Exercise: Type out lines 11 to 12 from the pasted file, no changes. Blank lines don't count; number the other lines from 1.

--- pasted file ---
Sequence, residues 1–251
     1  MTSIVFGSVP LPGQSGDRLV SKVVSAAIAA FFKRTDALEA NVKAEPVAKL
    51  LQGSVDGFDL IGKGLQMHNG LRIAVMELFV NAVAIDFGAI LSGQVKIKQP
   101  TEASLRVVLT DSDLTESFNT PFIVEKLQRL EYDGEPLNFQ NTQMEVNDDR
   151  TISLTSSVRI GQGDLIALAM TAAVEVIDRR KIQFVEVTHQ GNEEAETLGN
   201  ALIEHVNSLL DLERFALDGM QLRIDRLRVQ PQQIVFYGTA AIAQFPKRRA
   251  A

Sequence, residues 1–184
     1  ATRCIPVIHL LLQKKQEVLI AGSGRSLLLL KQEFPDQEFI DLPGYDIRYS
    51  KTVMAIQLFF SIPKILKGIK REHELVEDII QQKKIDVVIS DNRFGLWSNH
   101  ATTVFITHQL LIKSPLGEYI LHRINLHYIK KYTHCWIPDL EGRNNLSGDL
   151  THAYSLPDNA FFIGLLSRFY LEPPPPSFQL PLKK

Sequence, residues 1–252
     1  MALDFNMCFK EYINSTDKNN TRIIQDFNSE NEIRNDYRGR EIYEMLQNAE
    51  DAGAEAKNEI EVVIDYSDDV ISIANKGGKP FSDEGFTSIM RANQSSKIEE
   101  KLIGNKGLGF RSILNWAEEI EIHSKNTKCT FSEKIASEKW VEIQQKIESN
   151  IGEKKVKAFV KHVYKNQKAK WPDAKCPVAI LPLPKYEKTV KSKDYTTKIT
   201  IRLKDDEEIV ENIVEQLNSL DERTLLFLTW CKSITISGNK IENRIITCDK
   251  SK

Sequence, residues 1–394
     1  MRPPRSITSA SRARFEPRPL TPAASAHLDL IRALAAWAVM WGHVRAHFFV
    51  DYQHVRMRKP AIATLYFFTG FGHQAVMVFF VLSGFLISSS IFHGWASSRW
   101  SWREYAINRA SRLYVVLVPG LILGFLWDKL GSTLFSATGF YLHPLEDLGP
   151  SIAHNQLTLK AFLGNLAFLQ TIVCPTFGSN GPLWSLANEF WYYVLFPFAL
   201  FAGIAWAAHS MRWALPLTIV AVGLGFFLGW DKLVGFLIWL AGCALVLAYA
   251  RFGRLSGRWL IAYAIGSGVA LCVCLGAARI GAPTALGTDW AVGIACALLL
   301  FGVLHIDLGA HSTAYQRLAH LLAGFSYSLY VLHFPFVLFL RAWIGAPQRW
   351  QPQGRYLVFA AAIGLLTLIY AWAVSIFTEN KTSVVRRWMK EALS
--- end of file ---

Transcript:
   101  ATTVFITHQL LIKSPLGEYI LHRINLHYIK KYTHCWIPDL EGRNNLSGDL
   151  THAYSLPDNA FFIGLLSRFY LEPPPPSFQL PLKK